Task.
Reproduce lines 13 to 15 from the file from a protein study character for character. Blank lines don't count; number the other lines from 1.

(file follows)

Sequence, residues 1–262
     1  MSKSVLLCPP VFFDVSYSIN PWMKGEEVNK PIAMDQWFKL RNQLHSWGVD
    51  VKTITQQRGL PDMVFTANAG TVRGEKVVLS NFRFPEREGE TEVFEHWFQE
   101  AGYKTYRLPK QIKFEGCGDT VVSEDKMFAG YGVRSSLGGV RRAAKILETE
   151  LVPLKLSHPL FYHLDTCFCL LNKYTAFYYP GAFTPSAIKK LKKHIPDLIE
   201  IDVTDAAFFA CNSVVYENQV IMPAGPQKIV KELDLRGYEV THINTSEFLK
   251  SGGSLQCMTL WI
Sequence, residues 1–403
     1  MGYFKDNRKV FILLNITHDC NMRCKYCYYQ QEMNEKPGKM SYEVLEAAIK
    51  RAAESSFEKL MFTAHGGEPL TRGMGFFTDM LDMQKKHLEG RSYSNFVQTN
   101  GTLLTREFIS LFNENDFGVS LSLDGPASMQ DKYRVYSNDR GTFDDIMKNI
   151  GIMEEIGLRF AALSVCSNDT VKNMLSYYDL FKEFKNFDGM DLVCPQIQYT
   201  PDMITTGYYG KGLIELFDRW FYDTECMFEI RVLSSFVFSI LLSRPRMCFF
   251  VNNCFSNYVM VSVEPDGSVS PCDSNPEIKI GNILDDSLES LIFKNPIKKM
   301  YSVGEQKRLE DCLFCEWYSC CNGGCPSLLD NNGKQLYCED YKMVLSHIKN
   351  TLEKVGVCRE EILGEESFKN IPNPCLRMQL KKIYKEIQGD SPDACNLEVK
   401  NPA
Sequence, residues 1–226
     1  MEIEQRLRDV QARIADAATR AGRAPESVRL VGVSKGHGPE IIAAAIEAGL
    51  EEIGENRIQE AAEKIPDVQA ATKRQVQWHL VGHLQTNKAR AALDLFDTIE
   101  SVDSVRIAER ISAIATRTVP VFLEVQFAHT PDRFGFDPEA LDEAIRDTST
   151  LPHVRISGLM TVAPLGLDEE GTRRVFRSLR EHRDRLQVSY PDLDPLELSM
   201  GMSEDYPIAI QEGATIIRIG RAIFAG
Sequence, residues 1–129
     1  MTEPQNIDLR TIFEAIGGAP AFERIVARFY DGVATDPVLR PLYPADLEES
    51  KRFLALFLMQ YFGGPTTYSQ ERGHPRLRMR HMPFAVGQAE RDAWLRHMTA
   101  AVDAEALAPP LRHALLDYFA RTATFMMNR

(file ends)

   201  PDMITTGYYG KGLIELFDRW FYDTECMFEI RVLSSFVFSI LLSRPRMCFF
   251  VNNCFSNYVM VSVEPDGSVS PCDSNPEIKI GNILDDSLES LIFKNPIKKM
   301  YSVGEQKRLE DCLFCEWYSC CNGGCPSLLD NNGKQLYCED YKMVLSHIKN